It’s somewhere around the last quarter of their set that the band engage in an audience participation game called the Belfast Blues-Off in which the audience shouted louder each time the guitarist played an improvised riff and their blues background was showcased a lot more. I played along too because I’d heard so many comparisons between them and late Irish blues guitar legend Rory Gallagher – comparisons that complimented the band rather well as their guitarist unleashed some heavy slide riffs before coupling off with some dive bomb riffs that transcended both Gallagher and even Jake E. Lee. They closed their set with “The Preacher” and a riveting performance of “Under The Sky” and thus fully confirming that as their namesake suggests that the Answer really did provide the answer to many questions that night, ranging from their worthiness as an opening act for a major band’s sold out North American tour to their music being a fresh alternative to the current status quo that’s been dictating modern rock for a decade too long.

Actually, the only answer they couldn’t provide was one to the question as to why they took the stage so late that night. But it provided an aura of mystery to the whole event and left the crowd wanting more. No question about it.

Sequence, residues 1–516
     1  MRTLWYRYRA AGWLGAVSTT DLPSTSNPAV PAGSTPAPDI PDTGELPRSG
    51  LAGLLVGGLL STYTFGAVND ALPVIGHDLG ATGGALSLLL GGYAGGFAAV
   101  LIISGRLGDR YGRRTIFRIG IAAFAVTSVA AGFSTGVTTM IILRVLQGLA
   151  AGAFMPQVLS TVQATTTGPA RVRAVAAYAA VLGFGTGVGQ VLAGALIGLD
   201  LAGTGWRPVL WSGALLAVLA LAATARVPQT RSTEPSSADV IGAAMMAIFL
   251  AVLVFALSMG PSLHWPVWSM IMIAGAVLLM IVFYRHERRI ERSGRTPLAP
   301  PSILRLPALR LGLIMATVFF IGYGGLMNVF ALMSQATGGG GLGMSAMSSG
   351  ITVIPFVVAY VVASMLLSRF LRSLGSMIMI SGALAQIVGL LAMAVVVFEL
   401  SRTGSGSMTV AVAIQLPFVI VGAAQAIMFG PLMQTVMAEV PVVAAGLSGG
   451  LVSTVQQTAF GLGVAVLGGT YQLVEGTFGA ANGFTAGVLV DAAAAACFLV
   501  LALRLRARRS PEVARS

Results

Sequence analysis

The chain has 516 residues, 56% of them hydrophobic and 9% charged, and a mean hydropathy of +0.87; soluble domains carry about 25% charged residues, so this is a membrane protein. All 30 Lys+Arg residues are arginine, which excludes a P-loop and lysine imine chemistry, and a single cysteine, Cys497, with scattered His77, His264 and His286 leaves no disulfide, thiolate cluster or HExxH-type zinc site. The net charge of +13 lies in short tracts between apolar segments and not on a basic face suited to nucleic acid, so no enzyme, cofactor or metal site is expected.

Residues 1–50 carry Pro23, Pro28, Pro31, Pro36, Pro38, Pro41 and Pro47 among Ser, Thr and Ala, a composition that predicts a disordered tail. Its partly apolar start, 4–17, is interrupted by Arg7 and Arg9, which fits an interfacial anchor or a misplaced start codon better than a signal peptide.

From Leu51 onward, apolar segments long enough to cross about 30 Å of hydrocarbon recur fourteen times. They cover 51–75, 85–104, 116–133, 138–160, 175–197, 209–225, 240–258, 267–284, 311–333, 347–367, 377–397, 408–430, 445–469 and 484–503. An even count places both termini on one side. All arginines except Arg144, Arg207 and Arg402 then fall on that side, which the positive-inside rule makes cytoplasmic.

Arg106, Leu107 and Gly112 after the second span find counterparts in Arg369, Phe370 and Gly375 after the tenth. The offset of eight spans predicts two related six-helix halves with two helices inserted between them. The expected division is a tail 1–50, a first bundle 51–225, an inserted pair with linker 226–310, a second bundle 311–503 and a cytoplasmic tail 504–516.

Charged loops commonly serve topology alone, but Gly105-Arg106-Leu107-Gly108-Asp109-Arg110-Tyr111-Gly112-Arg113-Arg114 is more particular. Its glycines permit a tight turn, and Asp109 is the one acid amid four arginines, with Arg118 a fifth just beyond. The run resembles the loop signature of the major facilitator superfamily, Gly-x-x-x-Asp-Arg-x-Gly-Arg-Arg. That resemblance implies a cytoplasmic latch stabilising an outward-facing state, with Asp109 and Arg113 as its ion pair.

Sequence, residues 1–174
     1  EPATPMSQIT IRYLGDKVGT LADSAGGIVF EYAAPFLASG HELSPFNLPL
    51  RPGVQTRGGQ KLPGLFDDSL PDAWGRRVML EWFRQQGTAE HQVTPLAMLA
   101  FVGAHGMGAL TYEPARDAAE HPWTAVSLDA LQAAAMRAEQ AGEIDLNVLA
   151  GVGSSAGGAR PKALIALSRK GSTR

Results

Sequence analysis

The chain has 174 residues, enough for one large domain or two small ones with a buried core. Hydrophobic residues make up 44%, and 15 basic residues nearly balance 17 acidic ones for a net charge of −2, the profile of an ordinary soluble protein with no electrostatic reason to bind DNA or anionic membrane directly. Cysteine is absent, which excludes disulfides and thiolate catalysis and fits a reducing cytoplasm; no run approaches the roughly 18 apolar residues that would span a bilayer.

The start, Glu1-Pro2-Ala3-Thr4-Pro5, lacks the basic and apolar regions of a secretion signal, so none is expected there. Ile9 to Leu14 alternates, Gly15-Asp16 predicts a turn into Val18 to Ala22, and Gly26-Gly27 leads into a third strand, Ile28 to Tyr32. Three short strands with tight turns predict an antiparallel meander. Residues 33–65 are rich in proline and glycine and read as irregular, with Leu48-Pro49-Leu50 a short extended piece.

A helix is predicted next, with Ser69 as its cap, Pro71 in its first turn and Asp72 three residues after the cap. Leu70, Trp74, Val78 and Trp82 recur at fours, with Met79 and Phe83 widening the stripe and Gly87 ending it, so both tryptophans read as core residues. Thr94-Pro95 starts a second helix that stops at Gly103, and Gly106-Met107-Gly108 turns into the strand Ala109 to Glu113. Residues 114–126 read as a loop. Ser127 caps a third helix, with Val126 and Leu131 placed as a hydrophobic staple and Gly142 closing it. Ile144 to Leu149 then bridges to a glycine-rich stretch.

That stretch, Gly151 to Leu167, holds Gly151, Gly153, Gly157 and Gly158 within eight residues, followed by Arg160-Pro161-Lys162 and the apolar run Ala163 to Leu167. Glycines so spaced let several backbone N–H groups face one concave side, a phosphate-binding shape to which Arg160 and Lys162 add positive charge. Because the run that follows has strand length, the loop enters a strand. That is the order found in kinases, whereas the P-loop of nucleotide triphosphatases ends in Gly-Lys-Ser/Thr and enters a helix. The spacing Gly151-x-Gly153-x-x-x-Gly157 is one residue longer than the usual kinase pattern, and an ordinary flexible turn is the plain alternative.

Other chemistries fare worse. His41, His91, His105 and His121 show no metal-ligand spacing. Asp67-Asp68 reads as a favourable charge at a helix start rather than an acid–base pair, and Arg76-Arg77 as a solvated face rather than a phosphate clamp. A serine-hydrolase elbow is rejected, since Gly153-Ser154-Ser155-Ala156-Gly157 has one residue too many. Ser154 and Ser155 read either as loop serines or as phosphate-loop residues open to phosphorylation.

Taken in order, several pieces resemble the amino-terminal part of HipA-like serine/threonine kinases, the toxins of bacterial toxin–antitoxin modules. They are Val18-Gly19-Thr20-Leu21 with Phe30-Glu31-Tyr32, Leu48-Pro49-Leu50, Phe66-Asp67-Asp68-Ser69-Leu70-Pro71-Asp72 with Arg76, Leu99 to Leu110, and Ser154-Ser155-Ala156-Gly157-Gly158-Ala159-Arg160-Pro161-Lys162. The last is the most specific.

After a brief period of feeding time – beer and pizza, the usual staple food of the rock arena – the headliners AC/DC hit the stage like….well, a rock ‘n roll train. Oh yes, very literally. A cartoon montage on both overhead screens flashed cartoon images of a steam engine train barreling down a short set of tracks as its all-female crew shoveled more coal into its engine before it made its scheduled (and rather destructive) arrival on the main stage. Pyrotechnics. Fireworks. And Angus Young’s trademarked three-chord note intro.

Obviously, they opened with “Rock ‘N Roll Train” that night. But you all caught that hint.

As expected, especially for the fan that has seen AC/DC live more than once, the stage show, while not exactly known for its massive element of surprise, was pure explosive and good-natured fun to make people forget about reality for the next 2 hours. Yes, Angus Young still wears the schoolboy outfit that’s adorned many album covers and videos over the course of AC/DC’s 30-plus career (and if you’ve ever seen him with it off, you’ll never want to ask him to keep it off again; with the striptease one will make an exception which we’ll get to soon enough). And yes, vocalist Brian Johnson still sings the early material a bit differently than his late predecessor Bon Scott used to but the vocal signature is still very much in his own style and flair. But even with the band members in their sixties if not older, they can put on an energetic performance unmatched by few newer bands in their league if even at all. Take the extended solo that Angus played when the band launched into “Let There Be Rock” for example which transformed into almost 15 minutes of tapping, three chord hammer-on riffing, dive bombs....even an attempt at pinch harmonics to keep things up to date. All of this while running around on stage most of the time and never missing a beat even once.